The first Dual MS-PhD Education student, Indira Phukan, presented her work in environmental justice curriculum and higher education program development. 
Winter 2018 Capstone presenters (from left to right):  Rashmi Nalla (MS-MBA), Alejandra Maguina (MS-MBA), Samanthe Belanger (MS-MBA), Miles Muller (MS-JD), Savannah Fletcher (MS-JD), Indira Phukan (MS-PhD Education), Sudarshan Bhatija (MS-MBA), Himanshu Gupta (MS-MBA), Naga Kataru (MS-MBA). Not pictured: Max Evans (MS-MBA)

NewStudentsE-IPER welcomes the largest Joint MS cohort
37 new students started their MS in Environment and Resources this Spring Quarter, including 8 MS-JD students, 28 MS-MBA students, and 1 MS-MD student.  

Alumni Spotlight spotlight

Alumni Spotlight: Mehana Blaich Vaughan
Since leaving Stanford,  Mehana Blaich Vaughan (PhD 2013)  has been an Assistant Professor at the University of Hawai'i at Mānoa (UH) in the Department of Natural Resources and Environmental Management (NREM) and the UH Sea Grant College Program. Mehana's program prepares resource managers in Hawaiʻi; her students, most of whom are also employed full time, are hard at work protecting some of the world's rarest species, trying to bolster coral reef health, combatting Rapid Ohiʻa Death in the local forests, creating environmental education programs, and adapting policies and restoring watersheds. Mehana could not have found a more interdisciplinary position.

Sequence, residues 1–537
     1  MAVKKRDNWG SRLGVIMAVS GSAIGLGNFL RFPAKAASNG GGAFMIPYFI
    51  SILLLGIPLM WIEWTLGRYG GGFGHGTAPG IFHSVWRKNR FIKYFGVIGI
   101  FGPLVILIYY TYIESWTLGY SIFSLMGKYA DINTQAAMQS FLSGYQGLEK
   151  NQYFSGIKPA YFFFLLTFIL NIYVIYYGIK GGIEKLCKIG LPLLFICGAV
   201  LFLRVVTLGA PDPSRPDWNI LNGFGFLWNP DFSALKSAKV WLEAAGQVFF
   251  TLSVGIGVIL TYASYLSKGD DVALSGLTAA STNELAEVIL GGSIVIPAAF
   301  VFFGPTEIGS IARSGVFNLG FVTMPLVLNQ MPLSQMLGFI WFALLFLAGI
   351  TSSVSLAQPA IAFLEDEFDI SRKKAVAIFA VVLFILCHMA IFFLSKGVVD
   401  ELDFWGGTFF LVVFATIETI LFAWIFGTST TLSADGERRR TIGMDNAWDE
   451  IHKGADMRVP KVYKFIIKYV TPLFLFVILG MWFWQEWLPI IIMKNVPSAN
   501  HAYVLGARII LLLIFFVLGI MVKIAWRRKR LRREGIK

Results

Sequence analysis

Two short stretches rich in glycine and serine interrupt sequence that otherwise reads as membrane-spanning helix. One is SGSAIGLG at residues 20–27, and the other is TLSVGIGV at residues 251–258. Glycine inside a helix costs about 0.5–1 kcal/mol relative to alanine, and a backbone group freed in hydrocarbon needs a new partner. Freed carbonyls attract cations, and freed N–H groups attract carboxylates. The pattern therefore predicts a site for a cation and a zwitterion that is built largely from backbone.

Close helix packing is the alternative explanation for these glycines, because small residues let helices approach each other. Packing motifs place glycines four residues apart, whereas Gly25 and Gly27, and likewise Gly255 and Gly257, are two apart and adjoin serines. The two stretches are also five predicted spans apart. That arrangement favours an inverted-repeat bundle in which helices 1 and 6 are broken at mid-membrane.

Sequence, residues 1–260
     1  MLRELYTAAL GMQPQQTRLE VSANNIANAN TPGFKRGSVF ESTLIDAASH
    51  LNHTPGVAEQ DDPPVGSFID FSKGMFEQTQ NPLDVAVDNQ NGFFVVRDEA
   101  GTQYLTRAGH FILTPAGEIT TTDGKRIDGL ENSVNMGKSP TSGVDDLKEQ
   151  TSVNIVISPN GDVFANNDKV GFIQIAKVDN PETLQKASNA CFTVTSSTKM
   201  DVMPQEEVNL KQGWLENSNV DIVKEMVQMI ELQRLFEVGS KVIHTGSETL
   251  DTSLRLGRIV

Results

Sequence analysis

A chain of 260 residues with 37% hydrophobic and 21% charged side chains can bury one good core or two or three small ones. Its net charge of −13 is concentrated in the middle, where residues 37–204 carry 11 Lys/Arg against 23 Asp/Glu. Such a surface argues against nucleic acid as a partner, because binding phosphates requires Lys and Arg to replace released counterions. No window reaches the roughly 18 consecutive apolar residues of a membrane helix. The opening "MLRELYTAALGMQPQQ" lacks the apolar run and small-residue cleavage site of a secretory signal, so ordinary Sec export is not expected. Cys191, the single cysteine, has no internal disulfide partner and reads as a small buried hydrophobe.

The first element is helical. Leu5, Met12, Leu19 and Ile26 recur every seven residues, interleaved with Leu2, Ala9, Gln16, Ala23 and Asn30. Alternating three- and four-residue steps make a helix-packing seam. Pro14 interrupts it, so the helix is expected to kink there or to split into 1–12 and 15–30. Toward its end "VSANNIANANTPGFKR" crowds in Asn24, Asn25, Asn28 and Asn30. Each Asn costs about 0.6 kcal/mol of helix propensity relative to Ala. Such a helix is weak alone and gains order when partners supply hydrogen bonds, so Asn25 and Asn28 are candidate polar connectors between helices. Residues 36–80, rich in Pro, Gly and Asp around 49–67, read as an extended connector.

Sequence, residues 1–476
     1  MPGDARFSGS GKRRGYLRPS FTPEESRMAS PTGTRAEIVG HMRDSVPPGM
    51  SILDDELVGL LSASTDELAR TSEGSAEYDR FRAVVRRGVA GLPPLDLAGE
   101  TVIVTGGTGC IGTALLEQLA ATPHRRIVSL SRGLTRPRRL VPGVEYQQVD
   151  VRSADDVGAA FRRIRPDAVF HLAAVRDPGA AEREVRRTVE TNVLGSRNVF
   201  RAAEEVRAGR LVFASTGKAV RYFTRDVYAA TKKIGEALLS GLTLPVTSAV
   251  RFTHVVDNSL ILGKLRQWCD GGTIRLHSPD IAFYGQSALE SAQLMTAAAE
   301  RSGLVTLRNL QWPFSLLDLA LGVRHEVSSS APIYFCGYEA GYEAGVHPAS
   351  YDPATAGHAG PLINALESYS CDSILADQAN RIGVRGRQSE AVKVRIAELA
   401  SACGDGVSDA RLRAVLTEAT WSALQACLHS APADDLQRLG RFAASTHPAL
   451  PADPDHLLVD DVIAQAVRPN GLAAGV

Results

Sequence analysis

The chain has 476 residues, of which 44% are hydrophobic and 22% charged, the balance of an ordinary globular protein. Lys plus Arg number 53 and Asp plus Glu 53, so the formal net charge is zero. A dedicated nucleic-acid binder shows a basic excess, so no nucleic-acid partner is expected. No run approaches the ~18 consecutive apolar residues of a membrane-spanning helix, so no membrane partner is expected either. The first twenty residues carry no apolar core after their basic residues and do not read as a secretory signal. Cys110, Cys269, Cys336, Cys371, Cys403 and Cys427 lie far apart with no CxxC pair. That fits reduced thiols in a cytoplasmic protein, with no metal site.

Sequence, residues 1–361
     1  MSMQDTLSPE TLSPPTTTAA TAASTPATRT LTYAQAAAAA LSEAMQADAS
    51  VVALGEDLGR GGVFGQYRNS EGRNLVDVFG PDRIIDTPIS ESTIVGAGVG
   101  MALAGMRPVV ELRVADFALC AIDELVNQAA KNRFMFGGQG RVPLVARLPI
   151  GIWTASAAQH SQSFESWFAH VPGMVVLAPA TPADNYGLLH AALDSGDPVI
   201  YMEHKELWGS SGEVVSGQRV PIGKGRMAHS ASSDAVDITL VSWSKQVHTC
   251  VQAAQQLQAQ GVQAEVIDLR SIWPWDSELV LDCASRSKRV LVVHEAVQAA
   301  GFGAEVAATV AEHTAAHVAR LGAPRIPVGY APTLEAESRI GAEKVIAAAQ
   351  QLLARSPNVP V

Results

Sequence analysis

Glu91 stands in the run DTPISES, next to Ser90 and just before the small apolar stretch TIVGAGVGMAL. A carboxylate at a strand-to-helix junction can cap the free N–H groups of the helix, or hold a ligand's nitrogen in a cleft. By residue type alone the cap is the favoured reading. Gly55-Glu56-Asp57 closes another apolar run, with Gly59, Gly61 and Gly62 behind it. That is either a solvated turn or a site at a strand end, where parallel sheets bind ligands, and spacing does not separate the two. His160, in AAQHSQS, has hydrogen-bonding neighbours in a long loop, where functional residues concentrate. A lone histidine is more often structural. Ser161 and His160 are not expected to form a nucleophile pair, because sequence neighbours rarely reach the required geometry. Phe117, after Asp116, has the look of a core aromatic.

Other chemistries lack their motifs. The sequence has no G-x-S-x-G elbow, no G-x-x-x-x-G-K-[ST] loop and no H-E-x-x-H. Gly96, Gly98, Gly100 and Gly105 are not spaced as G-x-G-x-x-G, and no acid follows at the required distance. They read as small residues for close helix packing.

"I am appointed in multiple departments," she says "and work with interdisciplinary clusters of faculty across UH who specialize in subjects from economics to Native Hawaiian rights law, microbial oceanography to planning. My own department, NREM is interdisciplinary. E-IPER taught me the importance of learning to understand the different languages and processes people in different fields use to conduct research, and to produce knowledge."

Mehana's PhD research was focused on collaborative and community-based resource management. She worked with a community that was attempting to restore local-level fisheries governance based on ancestral fishing practices. That community, Hāʻena , is now the first community-managed fishery in Hawaiʻi. They created local fishing rules which are now state law. Mehana continues to work with Hāʻena  and a network of 20 other communities engaged in similar efforts.
One result has been that students from fishing communities have been applying to her program so that they can learn to apply these governance concepts in their home villages.   Mehana and the students investigate the social and ecological impacts of restoring community management in Hawaiʻi, while also learning from cases around the world.  

Mehana loves teaching at all levels.  Before coming to E-IPER, she was a middle school teacher, working on ʻāina -based education programs with community groups on her home island of Kauaʻi .  (These programs are centered around the concept of land, sea and air as the source of nourishment and sustenance.)  Teaching at the university is an equally rewarding experience, and Mehana appreciates the lessons she learns from students, who are "amazing in their dedication, creativity, brilliance, and caring."

Mehana continues to work with community groups in Hawaiʻi, helping them build their own capacity to care for the lands and waters that sustain them, and to enhance knowledge of resource health across Hawaiʻi.  And again, she  finds that she is always learning "from each of the communities my students and I work with."